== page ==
Whoever said that money can’t buy you happiness was wrong…Well,
Most adults don’t get enough sleep, which easily qualifies them in the dubious “sleep deprived” category. Sometimes this happens by choice, but oftentimes life interferes with the desire to rest luxuriously under the covers and fade into slumber. Is it possible to make up “sleep debt” by catching up on sleep after a particularly short night of rest?
You may have heard about the National Sleep Foundation’s hilarious adjusted guidelines that prescribe a set amount of sleep hours based upon age. Many people find these numbers unattainable and, quite frankly, depressing. Popular belief holds that humans can make up for too-short nights of sleep by catching up the next evening or even waiting until the weekend. Let’s see how that theory holds up according to the experts.
According to Scientific American, a person carries around “sleep debt” for each hour of sleep missed. The concept is defined as “the difference between the amount of sleep you should be getting and the amount you actually get.” This is a simple concept, and it’s possible to grow a sleep deficit as the sleepless nights rack up. If we lose an hour of sleep every night, that adds up to a sleep deficit of two weeks in a year. As time passes, side effects of sleep deprivation grow more alarming. It starts with foggy brain, increased cortisol levels, faded memory, and impaired driving. In the long term, sleep loss can increase the risk of obesity and heart disease.
Technically, it is possible to repay one’s sleep debt by binging on extra sleep hours. The bad news is that you can’t make up all your sleep debt at once. The most effective way to erase the effects of sleep deprivation is by tacking on an extra hour of rest per night. In extreme cases, it can take months to erase all of a person’s sleep debt. Most people don’t have the luxury of achieving that goal, especially not in the long term.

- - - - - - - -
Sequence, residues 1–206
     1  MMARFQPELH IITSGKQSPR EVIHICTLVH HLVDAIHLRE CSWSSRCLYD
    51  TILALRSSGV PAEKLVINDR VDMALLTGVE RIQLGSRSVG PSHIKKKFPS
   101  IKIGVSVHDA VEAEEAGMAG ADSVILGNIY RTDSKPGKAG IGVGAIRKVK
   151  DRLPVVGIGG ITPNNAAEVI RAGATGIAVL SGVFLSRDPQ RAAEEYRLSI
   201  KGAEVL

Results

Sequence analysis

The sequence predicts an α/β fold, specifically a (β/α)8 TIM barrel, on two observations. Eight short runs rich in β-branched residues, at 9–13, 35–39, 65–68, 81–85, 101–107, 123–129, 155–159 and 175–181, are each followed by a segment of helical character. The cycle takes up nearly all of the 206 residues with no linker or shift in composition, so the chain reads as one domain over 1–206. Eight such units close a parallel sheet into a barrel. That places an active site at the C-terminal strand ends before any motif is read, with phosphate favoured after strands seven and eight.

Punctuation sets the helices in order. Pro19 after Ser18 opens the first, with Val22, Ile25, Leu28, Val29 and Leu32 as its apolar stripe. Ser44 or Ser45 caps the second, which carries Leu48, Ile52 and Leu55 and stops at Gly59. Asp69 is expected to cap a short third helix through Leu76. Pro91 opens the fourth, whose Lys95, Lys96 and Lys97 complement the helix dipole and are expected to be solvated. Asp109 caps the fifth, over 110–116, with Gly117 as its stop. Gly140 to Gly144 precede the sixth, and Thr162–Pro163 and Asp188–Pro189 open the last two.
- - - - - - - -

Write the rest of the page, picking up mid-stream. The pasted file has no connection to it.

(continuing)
Forbes published a 2014 study that measured reversal rates for sleep debt. Results were largely positive, and subjects began to erase significant amounts of sleep debt after three or more nights of catch-up rest. Subjects reported feeling better during daytime hours, but their cortisol markers took much more time to approach normal levels. In addition, attention levels didn’t return to their baseline marks after three days of increased rest. Attention levels are an all-important indicator of performance and safety while engaging in risky behavior (like driving a car) while sleep deprived.
The sleep debt theory still stands, but it’s not a simple matter of making up missed hours of sleep and achieving automatic results. The better approach is to limit instances of sleep deprivation. Sadly, this isn’t an option for many people. Let’s sleep on it, shall we?